“3D Painting” Structures in Space
Apr 6, 2018
by Eric Butterman ASME.org
Speculating about life on other planets has fueled science fiction novels and movies for decades. But how often do we consider our own lives on another planet, seeing ourselves as the visitors from space? Just how would humans live their lives and meet all of their needs on another planet?
A team at Northwestern University believed being able to manufacture many of the goods needed ourselves was the key, in particular our housing and shelter. And several members of the team went on to found Dimension Inx, in Chicago, IL, where they are creating a way to do just that and more. Even if the chance to apply or test their concept on other planets may be many decades away.
[The material] is no longer flexible but stronger, and the iron oxide in there can make it magnetic because metal parts are in there. Ramille Shah, co-founder, Dimension Inx
Developing a method called “3D painting,” the team’s work involves new inks that are infused into green bodies, a weakly bound clay material.
“We can take these green bodies and we sinter the particles together by putting them into a furnace after the printer. It burns off the polymer and makes these ceramic-type structures,” says co-founder Ramille Shah, also assistant professor at Northwestern University. “[The material] is no longer flexible but stronger, and the iron oxide in there can make it magnetic because metal parts are in there.”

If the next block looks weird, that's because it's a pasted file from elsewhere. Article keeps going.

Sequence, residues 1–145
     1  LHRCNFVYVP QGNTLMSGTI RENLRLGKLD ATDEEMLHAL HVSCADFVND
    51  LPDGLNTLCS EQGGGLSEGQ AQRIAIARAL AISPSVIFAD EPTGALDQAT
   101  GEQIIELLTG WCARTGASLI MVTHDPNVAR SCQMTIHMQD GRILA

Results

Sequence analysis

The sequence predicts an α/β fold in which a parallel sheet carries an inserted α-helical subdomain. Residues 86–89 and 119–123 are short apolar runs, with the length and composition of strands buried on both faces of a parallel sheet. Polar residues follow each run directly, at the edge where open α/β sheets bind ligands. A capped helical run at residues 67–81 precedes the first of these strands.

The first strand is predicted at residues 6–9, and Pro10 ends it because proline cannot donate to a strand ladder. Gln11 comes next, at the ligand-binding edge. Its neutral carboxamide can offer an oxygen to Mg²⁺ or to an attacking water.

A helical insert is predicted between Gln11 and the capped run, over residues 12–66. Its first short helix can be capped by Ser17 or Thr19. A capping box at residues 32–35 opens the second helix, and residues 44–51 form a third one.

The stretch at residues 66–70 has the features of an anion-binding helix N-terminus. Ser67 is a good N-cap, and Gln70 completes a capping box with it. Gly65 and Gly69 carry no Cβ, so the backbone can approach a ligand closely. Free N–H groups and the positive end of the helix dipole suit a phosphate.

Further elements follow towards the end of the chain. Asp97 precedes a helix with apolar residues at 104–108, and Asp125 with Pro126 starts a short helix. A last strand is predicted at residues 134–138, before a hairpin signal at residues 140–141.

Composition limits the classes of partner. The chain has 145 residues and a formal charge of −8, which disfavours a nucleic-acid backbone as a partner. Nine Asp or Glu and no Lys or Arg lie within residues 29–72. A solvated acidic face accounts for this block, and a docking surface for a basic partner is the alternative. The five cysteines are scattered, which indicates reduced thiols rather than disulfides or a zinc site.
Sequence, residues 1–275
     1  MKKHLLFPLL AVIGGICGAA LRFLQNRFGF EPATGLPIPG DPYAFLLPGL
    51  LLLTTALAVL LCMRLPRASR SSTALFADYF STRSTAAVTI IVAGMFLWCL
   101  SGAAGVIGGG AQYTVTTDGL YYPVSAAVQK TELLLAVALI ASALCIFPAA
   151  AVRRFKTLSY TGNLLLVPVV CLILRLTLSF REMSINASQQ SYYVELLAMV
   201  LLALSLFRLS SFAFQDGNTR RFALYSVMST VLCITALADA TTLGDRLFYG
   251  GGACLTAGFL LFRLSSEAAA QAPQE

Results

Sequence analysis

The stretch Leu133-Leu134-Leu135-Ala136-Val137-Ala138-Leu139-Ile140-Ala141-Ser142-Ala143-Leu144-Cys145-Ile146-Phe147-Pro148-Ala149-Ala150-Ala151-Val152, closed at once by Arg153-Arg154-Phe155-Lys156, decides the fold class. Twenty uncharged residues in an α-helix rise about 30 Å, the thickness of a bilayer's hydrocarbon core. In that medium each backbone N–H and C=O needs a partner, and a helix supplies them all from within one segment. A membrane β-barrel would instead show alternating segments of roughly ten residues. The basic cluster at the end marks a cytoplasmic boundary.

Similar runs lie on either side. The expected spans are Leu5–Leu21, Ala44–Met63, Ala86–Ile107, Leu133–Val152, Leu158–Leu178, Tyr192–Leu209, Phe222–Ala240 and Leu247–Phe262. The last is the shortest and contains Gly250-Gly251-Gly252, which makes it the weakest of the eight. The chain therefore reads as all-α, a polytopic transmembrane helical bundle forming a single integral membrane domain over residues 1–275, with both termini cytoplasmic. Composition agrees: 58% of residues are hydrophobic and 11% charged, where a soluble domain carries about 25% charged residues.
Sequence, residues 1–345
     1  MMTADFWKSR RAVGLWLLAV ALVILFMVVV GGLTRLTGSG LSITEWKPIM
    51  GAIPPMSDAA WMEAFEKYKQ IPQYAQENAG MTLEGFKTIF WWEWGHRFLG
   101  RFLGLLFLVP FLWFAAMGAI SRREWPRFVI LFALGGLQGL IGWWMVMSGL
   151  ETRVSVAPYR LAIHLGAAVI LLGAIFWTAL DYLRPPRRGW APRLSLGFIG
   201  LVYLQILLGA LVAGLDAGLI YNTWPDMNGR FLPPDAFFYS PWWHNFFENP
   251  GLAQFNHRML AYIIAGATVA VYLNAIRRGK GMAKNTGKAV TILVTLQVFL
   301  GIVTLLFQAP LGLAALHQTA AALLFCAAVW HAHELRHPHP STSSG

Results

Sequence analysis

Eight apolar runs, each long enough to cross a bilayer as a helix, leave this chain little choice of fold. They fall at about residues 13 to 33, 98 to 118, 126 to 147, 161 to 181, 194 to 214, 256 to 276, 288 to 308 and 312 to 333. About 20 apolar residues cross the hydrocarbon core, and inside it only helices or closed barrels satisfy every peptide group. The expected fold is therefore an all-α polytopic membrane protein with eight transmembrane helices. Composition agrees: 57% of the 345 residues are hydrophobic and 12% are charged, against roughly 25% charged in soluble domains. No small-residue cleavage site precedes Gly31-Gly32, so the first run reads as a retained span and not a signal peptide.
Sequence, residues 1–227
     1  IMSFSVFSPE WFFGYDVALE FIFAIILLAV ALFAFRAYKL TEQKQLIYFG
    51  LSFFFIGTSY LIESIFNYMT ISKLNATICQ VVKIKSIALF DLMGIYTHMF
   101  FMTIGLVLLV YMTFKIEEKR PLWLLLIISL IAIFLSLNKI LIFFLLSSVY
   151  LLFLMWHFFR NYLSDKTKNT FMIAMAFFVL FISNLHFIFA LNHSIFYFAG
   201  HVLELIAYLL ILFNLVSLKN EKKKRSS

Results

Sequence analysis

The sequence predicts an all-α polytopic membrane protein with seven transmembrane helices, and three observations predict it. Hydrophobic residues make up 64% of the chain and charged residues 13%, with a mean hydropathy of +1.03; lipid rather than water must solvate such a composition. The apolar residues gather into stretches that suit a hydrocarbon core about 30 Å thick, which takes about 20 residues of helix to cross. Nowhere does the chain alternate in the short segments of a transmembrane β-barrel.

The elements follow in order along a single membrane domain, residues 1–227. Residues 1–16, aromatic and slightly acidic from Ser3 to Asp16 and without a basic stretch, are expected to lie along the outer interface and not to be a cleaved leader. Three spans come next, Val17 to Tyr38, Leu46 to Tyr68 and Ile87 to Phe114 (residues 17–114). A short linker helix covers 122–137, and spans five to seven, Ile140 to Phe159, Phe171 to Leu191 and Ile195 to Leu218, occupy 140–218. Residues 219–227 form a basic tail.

The most important stage in the process is during the furnace firing, when the particles within the structure start to merge together. “You can tailor the firing process to have varying degrees of porosities and varying degrees of mechanical properties based on the firing protocol and the atmosphere you choose to use in the oven,” Shah says.
The process could be used to construct durable buildings or shelters on other planets, says co-founder Adam Jakus, who was a postdoctoral fellow at Northwestern University when he started working on the project. Housing is clearly one of the most important aspects to colonizing other worlds. “[An important] part of our work is that you don’t have to use a powder bed. And all the materials [we use] can be found on the places you’d first be considering for colonization, like the moon and Mars,” he says. “Even if it isn’t then, you could bring the material and it can be recycled.”
The materials they used to test whether the method could potentially work were NASA-approved for Mars and the moon, Jakus says. One member of the team, Katie Koube, had worked at NASA as an intern.
“She was looking at our 3D printing process and painting 3D biomaterials and that’s when we realized other materials could be implemented,” Jakus says. “You don’t change the way you paint. If you want to 3D print steel or 3D print ovary tissue, you don’t change the way you do it. It’s still about getting the raw materials. Then it comes down to knowing what to do with them.”
Eric Butterman is an independent writer.